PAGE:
You’ve heard the phrase “war is hell.” But you probably haven’t heard the phrase “war is when you attack agroecosystems.” It’s a lesser known aphorism of General Sherman’s, to be sure, mainly because he didn’t actually say it. But reading Lisa Brady’s book, War Upon the Land, made me wonder how much Sherman understood about what he was doing as he plundered and burned the South during the American Civil War.
I asked Brady, the current editor of Environmental History, if she would be willing to have me convene an online roundtable on her book. She graciously agreed, and the final product includes a response by her. I’m including my introduction to the roundtable here. The link below will take you to the full pdf (it’s free). Here’s my intro:
Two and a half decades ago, historian Donald Worster encouraged scholars to be mindful of agroecological perspectives, and to adopt the agroecosystem as a unit on analysis. The latter term refers to an ecosystem consciously manipulated by human beings for agricultural purposes. When employed, Worster’s approach has the advantage of integrating non-human actors and forcing us to understand how they related to one another and to humans. A second benefit is that it also compels us to see how humans, at the time, imagined their roles in relation to the land and other species. It is commonplace in environmental history classrooms to mention the perils of monoculture, for example, using antebellum Southerners as an example of people whose livelihoods relied largely on a few commodities. But how conscious of these connections were the people living in the mid-nineteenth century? How did they imagine their own control over the landscape, and their own vulnerability?
Lisa M. Brady answers these questions by turning to a time of immense destruction, when Americans had to think deeply about how, or whether, they controlled nature. In War Upon the Land, Brady revisits some of the key episodes of the American Civil War, to show how ideas of nature informed Union strategy as soldiers moved throughout the American South.
Like Worster, Brady sees the agroecosystem as a crucial lens. Rather than focus on environmental destruction as a byproduct of war, she highlights how the strategies of Union officers reflected their beliefs about human relationships to nature. They believed that nature could be manipulated and controlled, that wilderness could be tamed, using the tools provided by science and technology. But they also felt that many of their Southern counterparts had based their power on their fragile construction of the plantation landscape. Key campaigns of the war explicitly attacked the South’s agroecosystems. For Brady, the burning, pillaging, and infamous exploits such as Sherman’s destructive march to the sea should all be seen not merely under the rubric of “war is hell,” but as a strategy designed to reduce a civilized landscape into a ruinous wilderness.
Our first roundtable commentator, Matthew Dennis, has explored the role of natural landscapes in shaping relations between European and Native Americans from the colonial era to the early nineteenth century. His book Seneca Possessed reveals how notions of dominion, spirit, and mastery over nature and people shaped the fate of those who lived in Seneca country. He currently is deeply engaged in a project on the politics of public memory. His study of American public holidays compels us to reexamine why we remember particular events, including wars, in only specific ways, ignoring other legacies.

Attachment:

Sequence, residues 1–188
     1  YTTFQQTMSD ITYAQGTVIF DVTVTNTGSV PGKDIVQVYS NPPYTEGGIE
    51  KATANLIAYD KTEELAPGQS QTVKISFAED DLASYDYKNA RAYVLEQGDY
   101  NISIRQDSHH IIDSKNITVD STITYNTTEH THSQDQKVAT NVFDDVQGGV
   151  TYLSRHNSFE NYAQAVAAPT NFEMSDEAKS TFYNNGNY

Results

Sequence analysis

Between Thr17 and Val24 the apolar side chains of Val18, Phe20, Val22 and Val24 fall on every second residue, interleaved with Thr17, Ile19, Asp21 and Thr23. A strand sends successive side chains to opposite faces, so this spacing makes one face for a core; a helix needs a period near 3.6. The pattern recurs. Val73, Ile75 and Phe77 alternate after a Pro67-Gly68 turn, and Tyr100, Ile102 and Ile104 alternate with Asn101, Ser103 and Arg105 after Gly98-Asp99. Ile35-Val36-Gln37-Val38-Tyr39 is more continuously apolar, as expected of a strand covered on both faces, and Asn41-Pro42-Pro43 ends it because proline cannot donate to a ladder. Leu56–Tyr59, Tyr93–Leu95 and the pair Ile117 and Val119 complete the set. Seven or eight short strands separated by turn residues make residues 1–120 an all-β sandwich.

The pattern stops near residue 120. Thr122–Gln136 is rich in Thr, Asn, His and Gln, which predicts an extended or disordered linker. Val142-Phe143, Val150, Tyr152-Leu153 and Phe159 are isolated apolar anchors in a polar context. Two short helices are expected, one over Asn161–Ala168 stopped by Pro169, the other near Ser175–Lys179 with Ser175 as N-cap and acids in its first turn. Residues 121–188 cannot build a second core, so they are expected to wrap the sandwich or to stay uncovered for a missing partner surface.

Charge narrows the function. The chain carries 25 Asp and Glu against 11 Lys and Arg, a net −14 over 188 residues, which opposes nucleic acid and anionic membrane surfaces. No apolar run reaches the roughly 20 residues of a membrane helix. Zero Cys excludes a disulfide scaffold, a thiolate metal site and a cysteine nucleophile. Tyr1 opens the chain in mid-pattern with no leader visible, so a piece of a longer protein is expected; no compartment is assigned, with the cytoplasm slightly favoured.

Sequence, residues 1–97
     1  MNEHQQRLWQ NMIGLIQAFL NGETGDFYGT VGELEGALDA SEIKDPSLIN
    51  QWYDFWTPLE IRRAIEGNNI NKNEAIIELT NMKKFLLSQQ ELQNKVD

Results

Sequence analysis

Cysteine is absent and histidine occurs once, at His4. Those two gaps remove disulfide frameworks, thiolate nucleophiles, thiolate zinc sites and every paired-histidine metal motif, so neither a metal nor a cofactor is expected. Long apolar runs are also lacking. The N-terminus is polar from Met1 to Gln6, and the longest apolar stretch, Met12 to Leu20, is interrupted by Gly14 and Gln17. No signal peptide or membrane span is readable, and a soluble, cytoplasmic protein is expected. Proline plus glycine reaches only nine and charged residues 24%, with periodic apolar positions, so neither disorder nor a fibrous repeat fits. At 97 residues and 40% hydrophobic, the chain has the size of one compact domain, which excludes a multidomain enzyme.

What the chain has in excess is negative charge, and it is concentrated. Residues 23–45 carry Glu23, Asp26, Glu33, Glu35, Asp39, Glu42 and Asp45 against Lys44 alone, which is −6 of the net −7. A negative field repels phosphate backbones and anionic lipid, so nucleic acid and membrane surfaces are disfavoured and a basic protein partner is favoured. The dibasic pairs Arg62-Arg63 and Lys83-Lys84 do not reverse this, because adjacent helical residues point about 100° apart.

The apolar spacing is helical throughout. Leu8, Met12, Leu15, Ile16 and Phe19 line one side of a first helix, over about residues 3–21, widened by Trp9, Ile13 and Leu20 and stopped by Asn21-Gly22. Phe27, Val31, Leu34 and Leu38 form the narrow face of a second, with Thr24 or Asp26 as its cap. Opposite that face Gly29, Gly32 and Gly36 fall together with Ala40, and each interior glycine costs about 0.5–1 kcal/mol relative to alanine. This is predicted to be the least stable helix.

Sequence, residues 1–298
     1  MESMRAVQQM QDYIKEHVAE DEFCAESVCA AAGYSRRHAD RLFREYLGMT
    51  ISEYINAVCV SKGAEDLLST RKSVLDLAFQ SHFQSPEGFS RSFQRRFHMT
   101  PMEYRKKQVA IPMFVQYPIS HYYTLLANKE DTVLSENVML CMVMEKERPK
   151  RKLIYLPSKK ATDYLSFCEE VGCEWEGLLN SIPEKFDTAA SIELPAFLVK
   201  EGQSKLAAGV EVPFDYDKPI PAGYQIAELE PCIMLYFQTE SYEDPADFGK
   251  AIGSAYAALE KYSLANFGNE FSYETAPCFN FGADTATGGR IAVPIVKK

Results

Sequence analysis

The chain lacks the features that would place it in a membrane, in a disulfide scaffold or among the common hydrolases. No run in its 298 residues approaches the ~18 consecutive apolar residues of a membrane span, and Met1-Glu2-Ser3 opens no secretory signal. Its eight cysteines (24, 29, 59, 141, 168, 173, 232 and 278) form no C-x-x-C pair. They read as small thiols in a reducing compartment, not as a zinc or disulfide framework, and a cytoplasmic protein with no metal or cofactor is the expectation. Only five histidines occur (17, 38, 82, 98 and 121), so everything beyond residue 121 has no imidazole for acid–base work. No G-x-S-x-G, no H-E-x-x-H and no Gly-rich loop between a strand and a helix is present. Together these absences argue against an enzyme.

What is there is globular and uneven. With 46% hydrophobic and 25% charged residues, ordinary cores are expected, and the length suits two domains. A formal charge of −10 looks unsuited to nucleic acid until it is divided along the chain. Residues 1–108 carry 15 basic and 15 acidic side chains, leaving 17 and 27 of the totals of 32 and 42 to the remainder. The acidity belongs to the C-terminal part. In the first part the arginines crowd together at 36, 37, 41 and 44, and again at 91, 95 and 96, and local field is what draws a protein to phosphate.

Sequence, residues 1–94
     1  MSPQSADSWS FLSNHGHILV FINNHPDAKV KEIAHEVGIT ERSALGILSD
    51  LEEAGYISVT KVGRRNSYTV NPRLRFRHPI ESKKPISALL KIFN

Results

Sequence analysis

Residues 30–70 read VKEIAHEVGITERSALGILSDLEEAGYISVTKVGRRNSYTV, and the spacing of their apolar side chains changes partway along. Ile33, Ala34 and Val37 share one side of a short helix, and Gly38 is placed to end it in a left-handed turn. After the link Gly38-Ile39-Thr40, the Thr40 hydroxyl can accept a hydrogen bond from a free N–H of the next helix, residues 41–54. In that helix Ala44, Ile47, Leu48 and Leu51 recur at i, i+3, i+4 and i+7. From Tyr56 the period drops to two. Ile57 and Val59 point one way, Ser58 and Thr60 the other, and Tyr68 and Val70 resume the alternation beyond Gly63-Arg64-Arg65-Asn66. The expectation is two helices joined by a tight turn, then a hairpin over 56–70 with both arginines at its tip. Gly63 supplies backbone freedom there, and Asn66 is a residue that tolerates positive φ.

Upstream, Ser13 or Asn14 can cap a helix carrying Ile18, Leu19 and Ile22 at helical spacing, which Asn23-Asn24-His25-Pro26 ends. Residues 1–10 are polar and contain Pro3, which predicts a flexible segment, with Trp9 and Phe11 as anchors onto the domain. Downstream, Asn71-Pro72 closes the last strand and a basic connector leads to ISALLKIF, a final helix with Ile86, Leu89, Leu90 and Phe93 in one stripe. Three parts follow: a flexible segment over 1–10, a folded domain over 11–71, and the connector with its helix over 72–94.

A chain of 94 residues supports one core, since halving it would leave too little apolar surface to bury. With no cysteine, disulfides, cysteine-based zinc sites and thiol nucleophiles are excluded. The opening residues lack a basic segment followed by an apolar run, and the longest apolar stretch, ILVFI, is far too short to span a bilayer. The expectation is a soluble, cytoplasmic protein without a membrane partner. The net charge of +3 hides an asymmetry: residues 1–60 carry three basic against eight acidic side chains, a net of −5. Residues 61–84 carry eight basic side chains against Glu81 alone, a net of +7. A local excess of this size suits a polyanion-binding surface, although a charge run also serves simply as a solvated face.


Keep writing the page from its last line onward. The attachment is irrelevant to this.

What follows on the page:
I also invited Ann Norton Greene to comment on War Upon the Land. Greene’s work focuses on animals, technology, and environmental history. In her book Horses at Work, she critiques the notion that new technologies associated with the industrial era eliminated work animals. She shows how mechanization actually increased the reliance on animals, and in the nineteenth century horses were more prevalent than ever. Greene sees the Civil War as a war of animal power. Both sides relied on them, and thousands of horses worked and died. “Dead horses became symbols of the tragedy of war,” she writes, “a way to talk about death and suffering by transferring it to the suffering of animals.”
Our final commentator is Megan Kate Nelson, author of Ruin Nation: Destruction and the American Civil War. Like Brady, Nelson has spent many years probing the environmental dimensions of the war. She has argued that the proliferation of “dead heaps of ruins” in the Southern landscape had a profound effect on American culture. She traces the prevalence of destroyed buildings and natural landscapes, showing their impacts on shared anxieties among Southerners about human behavior, privacy, and the relationship between technology and nature.
Before turning to the comments, I would like to thank all the roundtable contributors for their efforts. H-Environment Roundtable Reviews is an open-access forum and is available to scholars and non-scholars alike, around the world, free of charge. Please circulate.
It is available here: https://networks.h-net.org/brady-war-upon-land-roundtable-review-vol-4-no-7-2014
 Donald Worster, “Transformations of the Earth: Toward an Agroecological Perspective in History,” Journal of American History 76:4 (1990), 1087-147.
 Matthew Dennis, Seneca Possessed: Indians, Witchcraft, and Power in the Early American Republic (Philadelphia: University of Pennsylvania Press, 2010); Matthew Dennis, Red, White, and Blue Letter Days: An American Calendar (Ithaca: Cornell University Press, 2002).
 Ann Norton Greene, Horses at Work: Harnessing Power in Industrial America (Cambridge: Harvard Univesity Press, 2008). Quote on p. 162.
 Megan Kate Nelson, Ruin Nation: Destruction and the American Civil War (Athens: University of Georgia Press, 2012).